Monday, 24 March 2014

Weekend Update

Had a long weekend again, starting Thursday. Turned out to be a quiet one, without any major trip.

Did a bit of work in the garden Thursday and Friday. The only interesting item is that we seem to have a Greenfinch singing outside. Apart from a juvenile visiting a couple of summers back, it has been a long time since Greenfinch was a regular in the garden (it used to be a common bird until the big Ash trees died and were cut down). Heard it a few mornings in a row so hopefully it will stick around. House Sparrows are also vocal at the moment. Certainly present in the old holly hedge outside, and another colony in the next street they have yet to come into the feeders. Guess they will do what they du=id last year and come in with the young later in summer.

Saturday morning was spent at Amwell. Small numbers of Sand Martins had been coming in locally, with a few other early migrants so I  hoped to connect with some. Unfortunately the weather was not co-operative, being cool with a strong westerly wind. I spent the morning chatting to Simon, and later on Barry and Mike. Apart from the pair of Redshank, the lone male Wigeon and decent numbers of (presumed) nesting Herons and Egrets there was not much happening. A walk around Hollycross and the wood produced a couple of singing Chiffchaffs.

Sunday would have been a trip, but though there were a few birds around, it was much the same as previous weeks and  neither Colin or I could summon up the enthusiasm for a long expensive journey. So I decided to have a morning walk around Aston End and the Beane. No sign of any Bullfinch or Little Owl-have yet to find the resident birds this year, though Yellowhammers are more noticeable now with several territories located.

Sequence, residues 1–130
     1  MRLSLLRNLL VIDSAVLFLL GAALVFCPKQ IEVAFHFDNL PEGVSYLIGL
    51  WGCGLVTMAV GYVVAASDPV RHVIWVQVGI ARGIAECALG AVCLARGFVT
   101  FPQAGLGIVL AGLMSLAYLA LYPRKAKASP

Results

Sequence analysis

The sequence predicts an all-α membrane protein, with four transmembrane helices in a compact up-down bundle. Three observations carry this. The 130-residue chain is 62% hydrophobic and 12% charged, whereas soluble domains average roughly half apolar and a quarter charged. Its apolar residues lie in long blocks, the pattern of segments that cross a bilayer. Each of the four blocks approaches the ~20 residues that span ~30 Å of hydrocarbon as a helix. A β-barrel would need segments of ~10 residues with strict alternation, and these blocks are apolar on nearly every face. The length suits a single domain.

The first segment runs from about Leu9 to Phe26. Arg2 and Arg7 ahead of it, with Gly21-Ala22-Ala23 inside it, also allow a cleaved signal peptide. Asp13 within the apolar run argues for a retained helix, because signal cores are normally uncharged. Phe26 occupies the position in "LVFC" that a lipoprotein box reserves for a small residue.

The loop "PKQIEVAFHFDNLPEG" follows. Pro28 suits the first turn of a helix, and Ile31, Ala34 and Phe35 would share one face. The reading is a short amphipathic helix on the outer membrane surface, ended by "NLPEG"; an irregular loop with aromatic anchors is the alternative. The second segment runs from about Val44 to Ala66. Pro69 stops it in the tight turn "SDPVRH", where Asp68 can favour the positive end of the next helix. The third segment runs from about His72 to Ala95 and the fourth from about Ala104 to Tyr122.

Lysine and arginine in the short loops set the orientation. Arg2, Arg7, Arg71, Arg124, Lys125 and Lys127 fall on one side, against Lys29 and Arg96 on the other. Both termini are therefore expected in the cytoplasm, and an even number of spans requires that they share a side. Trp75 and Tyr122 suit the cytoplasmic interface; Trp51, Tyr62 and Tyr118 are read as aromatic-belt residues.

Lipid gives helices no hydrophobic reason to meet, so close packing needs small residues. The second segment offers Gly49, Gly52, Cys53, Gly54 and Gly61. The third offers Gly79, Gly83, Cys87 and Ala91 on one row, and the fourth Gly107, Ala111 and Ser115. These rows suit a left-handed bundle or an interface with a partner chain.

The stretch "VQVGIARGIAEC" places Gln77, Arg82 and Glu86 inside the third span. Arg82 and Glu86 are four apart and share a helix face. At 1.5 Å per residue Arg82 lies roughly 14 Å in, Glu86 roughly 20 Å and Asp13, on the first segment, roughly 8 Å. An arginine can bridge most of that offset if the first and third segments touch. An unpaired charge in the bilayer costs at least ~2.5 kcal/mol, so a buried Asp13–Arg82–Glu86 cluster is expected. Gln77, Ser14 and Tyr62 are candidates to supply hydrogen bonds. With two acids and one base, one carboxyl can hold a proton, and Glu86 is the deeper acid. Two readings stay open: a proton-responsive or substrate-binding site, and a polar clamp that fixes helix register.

At least seven Buzzards were seen over High Wood, one Meadow Pipit flew over and 21 Redwings were seen heading north along the river (still flowing with a decent amount of water). One Blackcap was heard near the paddocks and there were three or maybe four Chiffchaffs singing. Rather cold and windy for the Skylarks though a few were singing.
Simon mentioned yesterday that the Blackthorn was flowering rather earlier than usual. Had not noticed at the time-I assumed that the white blossom had been early flowering cherries, but a lot of the bushes along the Beane were in full flower. However many others were still in tight bud, and sun/shade seemed to have little to do with it. The same seemed to be the case with some of the willows.

Today I had an extended lunch break and spent half an hour at Norton trying and failing to find the two Wheatear reported earlier. It was a nice sunny day, but rather cold and windy. I met a guy who had seen them much earlier, and they had either moved off or were seeking shelter. I did notice that the grass/sedge clumps were much larger than usual, presumably due to the milder winter by so there was a lot of places for birds to hide. Two Grey Partridge were the only birds of note.

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